Hammersmith Bridge: Thames crossing repair bill soars to £250million raising fears it won't ever reopen to traffic

The cost of repairing Hammersmith Bridge has soared to £250 million - raising fears that the Thames crossing will never reopen to vehicles.

The latest estimate, up about £100 million on previous expectations, comes as the fifth anniversary approaches of the 137-year-old bridge being closed on safety grounds.

Discussions on funding the repairs have reached a stalemate, with a government taskforce having last met more than two years ago. Sources admit there is no sign of a breakthrough, despite ongoing anger from residents.

MPs whose constituents have been blighted by the closure said the growing size of the repair bill made it “increasingly unlikely” the bridge would ever fully reopen. Sarah Olney, the Lib Dem MP for Richmond Park, told the Standard: “I think it’s increasingly possible that it won’t reopen to traffic.”

The bridge, a Grade II*-listed iron structure that opened in 1887, used to carry about 22,000 vehicles a day and seven bus routes. It was closed in April 2019 by Hammersmith and Fulham council after safety sensors on the bridge, which links Hammersmith and Barnes, detected “dangerous micro-fractures” in the pedestals that hold the suspension system in place.

It partly reopened in July 2021 to pedestrians and cyclists. Since 2019, drivers have had to divert via Chiswick or Putney bridges.

The Department for Transport wants the council, which owns Hammersmith Bridge, and Transport for London to each pay a third of the repair bill, with the taxpayer funding the remainder.

But Ms Olney said: “The DfT are the only people that have access to the kind of money that is going to make the difference. No local authority has the means to foot a bill of this size.”

Thursday's Standard front page (Evening Standard)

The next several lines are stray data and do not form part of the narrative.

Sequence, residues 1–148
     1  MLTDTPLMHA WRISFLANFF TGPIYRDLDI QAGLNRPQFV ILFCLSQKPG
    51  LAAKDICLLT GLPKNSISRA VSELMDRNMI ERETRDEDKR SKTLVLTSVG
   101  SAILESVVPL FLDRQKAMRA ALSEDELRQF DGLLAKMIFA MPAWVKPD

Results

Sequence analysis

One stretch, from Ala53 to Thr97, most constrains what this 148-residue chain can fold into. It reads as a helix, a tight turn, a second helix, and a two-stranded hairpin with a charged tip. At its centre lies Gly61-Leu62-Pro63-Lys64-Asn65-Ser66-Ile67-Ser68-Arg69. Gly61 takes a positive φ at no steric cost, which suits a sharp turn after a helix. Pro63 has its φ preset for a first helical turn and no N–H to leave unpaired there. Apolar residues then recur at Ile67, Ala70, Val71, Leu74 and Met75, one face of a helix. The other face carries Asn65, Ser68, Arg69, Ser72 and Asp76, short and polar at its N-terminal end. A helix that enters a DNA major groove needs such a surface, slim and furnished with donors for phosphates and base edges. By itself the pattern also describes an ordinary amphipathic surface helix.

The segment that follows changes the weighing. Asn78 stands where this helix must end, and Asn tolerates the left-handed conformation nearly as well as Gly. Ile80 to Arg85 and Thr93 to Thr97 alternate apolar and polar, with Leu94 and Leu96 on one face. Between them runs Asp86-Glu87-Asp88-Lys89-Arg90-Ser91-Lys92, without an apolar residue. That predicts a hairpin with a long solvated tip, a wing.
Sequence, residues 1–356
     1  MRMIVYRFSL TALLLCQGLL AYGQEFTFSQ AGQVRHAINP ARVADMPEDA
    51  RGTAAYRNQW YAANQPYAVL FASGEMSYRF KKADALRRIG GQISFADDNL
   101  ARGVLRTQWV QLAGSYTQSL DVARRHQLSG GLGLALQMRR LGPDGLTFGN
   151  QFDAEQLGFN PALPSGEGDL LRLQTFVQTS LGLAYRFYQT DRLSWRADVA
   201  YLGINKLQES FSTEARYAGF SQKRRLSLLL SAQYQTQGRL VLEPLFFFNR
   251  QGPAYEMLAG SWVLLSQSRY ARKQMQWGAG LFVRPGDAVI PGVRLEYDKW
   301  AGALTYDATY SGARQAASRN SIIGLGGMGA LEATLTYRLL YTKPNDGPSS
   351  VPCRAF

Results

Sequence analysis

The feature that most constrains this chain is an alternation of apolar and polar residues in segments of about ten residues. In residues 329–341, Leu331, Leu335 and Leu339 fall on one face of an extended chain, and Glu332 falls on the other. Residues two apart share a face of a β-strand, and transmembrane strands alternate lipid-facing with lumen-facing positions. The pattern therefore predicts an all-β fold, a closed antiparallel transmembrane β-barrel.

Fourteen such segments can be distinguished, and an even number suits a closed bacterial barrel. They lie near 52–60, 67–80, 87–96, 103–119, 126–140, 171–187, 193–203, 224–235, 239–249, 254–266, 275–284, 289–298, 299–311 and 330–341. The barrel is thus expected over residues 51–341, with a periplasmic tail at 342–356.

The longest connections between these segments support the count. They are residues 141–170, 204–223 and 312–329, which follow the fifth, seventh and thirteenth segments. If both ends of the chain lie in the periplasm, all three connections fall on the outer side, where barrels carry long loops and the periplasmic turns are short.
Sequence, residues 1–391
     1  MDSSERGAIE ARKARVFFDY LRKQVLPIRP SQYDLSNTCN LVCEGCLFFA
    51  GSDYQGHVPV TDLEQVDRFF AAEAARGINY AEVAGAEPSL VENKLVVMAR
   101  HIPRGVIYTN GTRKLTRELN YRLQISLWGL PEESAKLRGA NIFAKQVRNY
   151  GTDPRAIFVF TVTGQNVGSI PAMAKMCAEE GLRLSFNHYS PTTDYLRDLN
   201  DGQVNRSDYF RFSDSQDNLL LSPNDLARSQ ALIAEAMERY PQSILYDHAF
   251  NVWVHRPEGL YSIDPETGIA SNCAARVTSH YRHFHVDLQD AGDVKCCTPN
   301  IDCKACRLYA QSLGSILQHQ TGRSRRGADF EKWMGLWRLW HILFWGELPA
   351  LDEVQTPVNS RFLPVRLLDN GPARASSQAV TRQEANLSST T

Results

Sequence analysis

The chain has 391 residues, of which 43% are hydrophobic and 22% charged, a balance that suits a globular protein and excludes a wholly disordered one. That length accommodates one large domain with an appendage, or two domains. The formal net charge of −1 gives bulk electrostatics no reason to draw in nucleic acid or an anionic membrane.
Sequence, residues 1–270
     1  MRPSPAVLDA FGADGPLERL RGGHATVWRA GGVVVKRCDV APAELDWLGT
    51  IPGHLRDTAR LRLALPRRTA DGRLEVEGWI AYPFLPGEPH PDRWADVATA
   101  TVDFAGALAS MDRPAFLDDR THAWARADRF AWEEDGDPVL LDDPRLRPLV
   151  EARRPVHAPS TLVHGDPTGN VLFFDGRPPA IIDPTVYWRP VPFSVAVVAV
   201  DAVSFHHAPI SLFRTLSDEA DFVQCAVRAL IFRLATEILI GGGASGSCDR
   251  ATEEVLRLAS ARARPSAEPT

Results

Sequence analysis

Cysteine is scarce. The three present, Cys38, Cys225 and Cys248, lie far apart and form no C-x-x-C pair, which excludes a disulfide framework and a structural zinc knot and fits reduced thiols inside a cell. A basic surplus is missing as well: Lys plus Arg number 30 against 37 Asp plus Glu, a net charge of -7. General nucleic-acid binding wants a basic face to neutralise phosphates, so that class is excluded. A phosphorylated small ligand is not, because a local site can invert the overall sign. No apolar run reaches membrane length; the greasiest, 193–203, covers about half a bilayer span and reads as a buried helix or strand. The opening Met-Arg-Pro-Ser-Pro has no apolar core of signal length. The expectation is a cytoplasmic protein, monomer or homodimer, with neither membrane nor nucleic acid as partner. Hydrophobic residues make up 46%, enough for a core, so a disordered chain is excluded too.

Thursday's Standard front page (Evening Standard)

Asked to estimate when drivers might be able to use the bridge as before, she said: “Not for at least a decade.” When it first closed, the council estimated the repairs to be in excess of £40 million and expected TfL to pay the bill. TfL said it was not liable and appealed for government help. By 2021, the cost of the council’s proposed solution had grown to £141 million.

Fleur Anderson, the Labour MP for Putney, said the fifth anniversary of the bridge’s closure in April would be “a very unhappy birthday”.

She said: “The frustration is that if the Government had said ‘this is a national transport route and a major London artery, we have got to fix it’ when it was first closed, the bill would have been far, far less and it would be open by now.

“These increasing costs make it less likely the work can ever be done. I would like the Government to say ‘this is a national route. We will fund it.’” Asked when she thought the bridge would reopen, she said: “It’s several years away from when we get funding — we have not even got the funding.”

There were calls on Thursday from Conservatives for the bridge to be renamed "Sadiq Khan Bridge" because of alleged inaction from the mayor.

Tony Devenish, whose London Assembly constitiuency includes the bridge, said: “Sadiq Khan is both mayor and chairman of Transport for London. Instead of showing leadership and bringing the various parties together to try to re-open Hammersmith Bridge, he has sat idly by for five years and passed the buck.